[CentOS] Effectiveness of CentOS vm.swappiness

Sat Jun 6 09:23:40 UTC 2015
Markus "Shorty" Uckelmann <shorty at koeln.de>

Am 05.06.2015 um 23:32 schrieb Gordon Messmer:
>>> Those two things can't really both be true.  If the pages
>>> swapped out are unused, then the application won't suffer as a
>>> result.
>> Why not? If you have an application which sees action only every
>> 12 to 24 hours,I think this can happen.
> Well, that's not "unused," then.

In a matter of speaking it's not "unused". But in the case of "rarely
used" it is possible that parts of the programm are in swap which are

> To measure the swap use of your processes, install "smem".  It will
> show you the amount of swap that each process is using.

Brilliant! Until now I was using the script under [1].

> For more specific information, make a copy of /proc/<pid>/smaps.
> To quantify your problem, let bacula run then save the output of
> smem, or /proc/<pid>/smaps for each of your critical services, or
> both, and then access each of the services and quantify the latency
> relative to the normal latency.  Finally, after collecting latency
> information, get the output of smem and/or /proc/<pid>/smaps again.
> You can compare swap use before and after accessing the service to
> see how much was swapped out beforehand (presumably because of the
> backup), and how much had to be recovered for your test query.
> I'd suggest collecting that information at the normal swappiness
> setting and at 0.

Thank you, this will get me further.

> If the kernel is swapping out processes in favor of filesystem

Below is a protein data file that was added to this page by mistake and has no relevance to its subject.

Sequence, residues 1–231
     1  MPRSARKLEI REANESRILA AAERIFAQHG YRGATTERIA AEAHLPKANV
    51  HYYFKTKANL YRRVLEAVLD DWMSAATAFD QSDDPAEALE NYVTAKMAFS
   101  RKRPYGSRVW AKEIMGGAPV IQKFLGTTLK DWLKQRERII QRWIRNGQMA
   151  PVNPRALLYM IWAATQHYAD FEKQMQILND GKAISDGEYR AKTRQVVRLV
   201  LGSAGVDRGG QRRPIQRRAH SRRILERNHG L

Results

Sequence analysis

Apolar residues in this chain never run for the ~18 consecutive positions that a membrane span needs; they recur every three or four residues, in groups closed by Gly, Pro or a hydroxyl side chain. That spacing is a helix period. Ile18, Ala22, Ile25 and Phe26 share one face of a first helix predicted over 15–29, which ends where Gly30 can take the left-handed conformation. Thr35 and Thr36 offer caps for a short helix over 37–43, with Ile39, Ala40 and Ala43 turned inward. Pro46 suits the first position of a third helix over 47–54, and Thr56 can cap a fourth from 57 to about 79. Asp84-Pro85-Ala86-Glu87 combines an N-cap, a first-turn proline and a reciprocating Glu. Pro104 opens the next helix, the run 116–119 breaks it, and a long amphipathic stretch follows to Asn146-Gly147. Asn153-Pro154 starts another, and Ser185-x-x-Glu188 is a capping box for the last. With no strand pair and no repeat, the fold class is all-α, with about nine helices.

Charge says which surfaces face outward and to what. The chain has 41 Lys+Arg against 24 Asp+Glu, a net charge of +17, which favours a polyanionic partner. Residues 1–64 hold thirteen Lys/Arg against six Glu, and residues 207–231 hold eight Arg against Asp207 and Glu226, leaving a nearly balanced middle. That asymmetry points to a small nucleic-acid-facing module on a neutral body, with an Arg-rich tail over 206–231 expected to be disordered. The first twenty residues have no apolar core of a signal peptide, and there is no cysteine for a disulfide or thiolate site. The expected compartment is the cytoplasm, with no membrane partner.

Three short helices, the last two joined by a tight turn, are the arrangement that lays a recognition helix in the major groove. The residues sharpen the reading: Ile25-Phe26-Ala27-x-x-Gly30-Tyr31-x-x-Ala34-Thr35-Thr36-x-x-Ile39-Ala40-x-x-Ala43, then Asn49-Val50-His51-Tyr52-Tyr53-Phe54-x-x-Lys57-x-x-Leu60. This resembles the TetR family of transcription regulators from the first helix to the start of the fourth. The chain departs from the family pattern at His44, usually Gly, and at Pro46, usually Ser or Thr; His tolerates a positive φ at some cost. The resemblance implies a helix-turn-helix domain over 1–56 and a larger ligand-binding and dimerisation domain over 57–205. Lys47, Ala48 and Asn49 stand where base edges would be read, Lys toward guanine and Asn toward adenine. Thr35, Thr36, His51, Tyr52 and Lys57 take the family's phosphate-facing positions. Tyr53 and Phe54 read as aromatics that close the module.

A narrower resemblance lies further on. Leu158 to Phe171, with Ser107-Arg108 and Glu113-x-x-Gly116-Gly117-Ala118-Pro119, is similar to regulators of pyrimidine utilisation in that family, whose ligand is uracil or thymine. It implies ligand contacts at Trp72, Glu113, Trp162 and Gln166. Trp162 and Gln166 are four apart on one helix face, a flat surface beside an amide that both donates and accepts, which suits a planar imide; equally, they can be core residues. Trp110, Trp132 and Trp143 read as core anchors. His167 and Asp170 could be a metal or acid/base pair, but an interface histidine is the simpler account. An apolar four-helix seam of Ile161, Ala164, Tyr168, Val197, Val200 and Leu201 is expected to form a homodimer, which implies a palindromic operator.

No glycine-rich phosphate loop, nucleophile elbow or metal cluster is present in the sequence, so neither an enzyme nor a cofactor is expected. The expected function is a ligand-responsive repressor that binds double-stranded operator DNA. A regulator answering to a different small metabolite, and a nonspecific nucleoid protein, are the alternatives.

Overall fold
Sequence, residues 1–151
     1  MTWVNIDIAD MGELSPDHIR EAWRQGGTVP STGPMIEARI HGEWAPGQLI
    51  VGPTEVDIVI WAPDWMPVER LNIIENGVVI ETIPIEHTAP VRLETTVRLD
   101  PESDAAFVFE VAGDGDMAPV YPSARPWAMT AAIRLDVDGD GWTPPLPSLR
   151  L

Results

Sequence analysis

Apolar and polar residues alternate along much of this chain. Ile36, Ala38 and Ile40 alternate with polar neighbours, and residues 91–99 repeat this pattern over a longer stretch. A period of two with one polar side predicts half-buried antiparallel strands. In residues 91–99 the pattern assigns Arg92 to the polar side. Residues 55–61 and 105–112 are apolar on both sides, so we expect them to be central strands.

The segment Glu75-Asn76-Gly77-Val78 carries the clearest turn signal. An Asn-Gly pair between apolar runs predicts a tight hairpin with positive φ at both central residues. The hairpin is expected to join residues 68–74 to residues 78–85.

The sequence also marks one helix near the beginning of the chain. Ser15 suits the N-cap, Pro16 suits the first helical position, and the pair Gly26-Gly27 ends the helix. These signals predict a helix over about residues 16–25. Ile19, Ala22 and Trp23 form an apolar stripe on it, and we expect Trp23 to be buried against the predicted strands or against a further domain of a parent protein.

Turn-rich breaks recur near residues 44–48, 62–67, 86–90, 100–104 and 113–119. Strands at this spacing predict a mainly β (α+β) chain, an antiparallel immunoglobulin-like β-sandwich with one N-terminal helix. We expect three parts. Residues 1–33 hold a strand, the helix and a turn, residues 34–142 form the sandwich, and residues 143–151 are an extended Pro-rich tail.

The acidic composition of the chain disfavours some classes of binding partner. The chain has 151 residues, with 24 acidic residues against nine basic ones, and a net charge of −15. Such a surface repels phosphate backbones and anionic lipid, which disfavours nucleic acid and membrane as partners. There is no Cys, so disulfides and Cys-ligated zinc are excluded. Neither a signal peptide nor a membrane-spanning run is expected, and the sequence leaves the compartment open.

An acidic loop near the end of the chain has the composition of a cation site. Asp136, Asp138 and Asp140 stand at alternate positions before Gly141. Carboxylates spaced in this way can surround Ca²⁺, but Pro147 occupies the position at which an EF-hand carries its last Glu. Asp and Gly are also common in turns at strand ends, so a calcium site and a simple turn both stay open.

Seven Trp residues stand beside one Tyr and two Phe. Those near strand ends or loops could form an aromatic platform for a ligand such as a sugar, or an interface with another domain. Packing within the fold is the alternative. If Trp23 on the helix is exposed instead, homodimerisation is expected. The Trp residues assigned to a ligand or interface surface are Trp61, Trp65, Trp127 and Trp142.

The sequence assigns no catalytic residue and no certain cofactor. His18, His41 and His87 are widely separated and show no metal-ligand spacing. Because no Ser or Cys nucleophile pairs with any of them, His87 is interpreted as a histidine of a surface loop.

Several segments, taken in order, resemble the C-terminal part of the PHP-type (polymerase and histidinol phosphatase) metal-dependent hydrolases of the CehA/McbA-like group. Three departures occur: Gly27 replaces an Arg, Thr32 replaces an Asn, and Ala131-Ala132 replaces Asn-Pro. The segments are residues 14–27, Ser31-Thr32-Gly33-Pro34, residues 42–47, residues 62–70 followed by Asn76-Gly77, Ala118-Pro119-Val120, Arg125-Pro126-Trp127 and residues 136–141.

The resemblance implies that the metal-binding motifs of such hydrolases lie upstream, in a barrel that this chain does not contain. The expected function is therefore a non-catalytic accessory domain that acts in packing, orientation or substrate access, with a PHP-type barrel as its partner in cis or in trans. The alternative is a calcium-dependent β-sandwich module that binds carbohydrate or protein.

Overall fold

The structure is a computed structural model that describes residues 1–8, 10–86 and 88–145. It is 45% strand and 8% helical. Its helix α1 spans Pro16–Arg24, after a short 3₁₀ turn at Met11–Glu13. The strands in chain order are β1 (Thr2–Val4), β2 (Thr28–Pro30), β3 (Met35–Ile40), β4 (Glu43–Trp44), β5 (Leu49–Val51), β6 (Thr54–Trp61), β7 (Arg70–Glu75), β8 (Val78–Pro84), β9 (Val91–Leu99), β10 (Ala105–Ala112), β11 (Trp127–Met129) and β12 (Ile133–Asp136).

> cache when swappiness is 0, I believe that would be a bug, and
> should be reported to the kernel developers.

Because of what I read in [2] I'm not planning to use 0, rather 1. But
please correct me if I'm wrong.

> "Timeouts" is pretty vague.  Very generally, it's possible that you
> have a timeout configured somewhere that is failing on the first
> run because the filesystem cache now contains content from your
> backup, and your process only completes in time when the files
> needed for the deployment are in the filesystem cache.  That's a
> stretch as far as explanations go, but if that is the case, then
> swappiness isn't going to fix the problem.  You need to fix your
> timeout so that it allows enough time for the deployment to finish
> when the server is cold booted (using no cache), or prime your
> caches before doing deployments.

With timeouts I meant that the salt master tries to contact the
salt-minion to send it the payload. At this point happens the timeout.
In this case it means that the minion doesn't get back to the master
in the configured timeout. Currently it's set to 20 seconds. When we
start a job the first time after several hours we get a lot of
timeouts. A second run mostly helps. I think it is possible that parts
of the minion process which are needed for the payload we send it are
swapped out. At the first run it takes too long to get the pages back
into RAM. But eventually all pages are paged in. So the second run
works. But this is just an assumption. On Monday I'll try to find out
if I'm right or wrong.

BTW: Is there a way to find out which parts of a programm are swapped
out without using monsters like Valgrind? Damn, sounds like an
interesting start of the week...

[1] http://northernmost.org/blog/find-out-what-is-using-your-swap/

Cheers to all for the feedback and help,